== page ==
“Also, with my roles as Chief and Deputy Chief Marshal, I hope to have contributed to the safety of all officials carrying out their work at motorsport events.
“It is well known that motor racing is dangerous, and over the past 50 years I have seen enormous changes occur both in the development of safety measures introduced both for drivers and officials.”
As for Herold, it was a journey that started with a love for cars and speed at a young age.
After spectating at various tracks with his friends, one day at Amaroo, Herold approached some flag marshals to learn how to join as an official – which he achieved with no issues.

Joining as a flaggie, he worked his way up the ranks before being promoted to the role of Chief Flag Marshal in 2000.
Since the turn of the new century, Herold has either held the position of Chief Flag Marshal or Chief Marshal at every Bathurst 1000 since and has proved an inspiration in helping improve the safety of wellbeing of volunteer officials trackside.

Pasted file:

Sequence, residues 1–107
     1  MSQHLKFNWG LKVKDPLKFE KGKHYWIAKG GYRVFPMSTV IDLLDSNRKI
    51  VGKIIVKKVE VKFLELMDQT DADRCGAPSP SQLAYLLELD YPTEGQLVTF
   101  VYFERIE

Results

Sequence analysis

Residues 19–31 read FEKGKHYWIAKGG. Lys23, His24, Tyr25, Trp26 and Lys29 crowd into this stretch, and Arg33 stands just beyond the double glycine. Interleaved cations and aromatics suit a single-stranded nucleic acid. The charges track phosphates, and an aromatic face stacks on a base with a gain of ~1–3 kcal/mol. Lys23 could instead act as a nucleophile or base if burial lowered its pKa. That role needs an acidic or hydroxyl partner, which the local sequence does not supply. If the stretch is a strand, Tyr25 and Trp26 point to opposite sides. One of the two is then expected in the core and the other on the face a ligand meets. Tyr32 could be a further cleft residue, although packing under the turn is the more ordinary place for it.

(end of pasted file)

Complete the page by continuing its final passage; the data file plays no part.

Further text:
Like Thorne, Herold will end his time as a Bathurst official having made a significant contribution throughout his 50 years.
“I think the most challenging part of being an official is that you have to persevere with all types of weather conditions while you are on duty,” Herold said.
“This is especially challenging at Mount Panorama where you can get all four seasons in one day. I have been through snow, severe thunderstorms, hailstorms, flooding, extreme cold and even some very hot days in my 50 years.
“I have made many friendships throughout though. The motor racing officials community is definitely my second family. Any official that has been around for a few years knows that there is a unique bond between us all.
“In some part, I hope that not only my contribution, but that of all my fellow teammates over the years, is both appreciated and remembered for years to come.
“It has been a pleasure to be an official for 50 years, thank you everyone for being involved and for the memories, the friendships and lifelong memories.”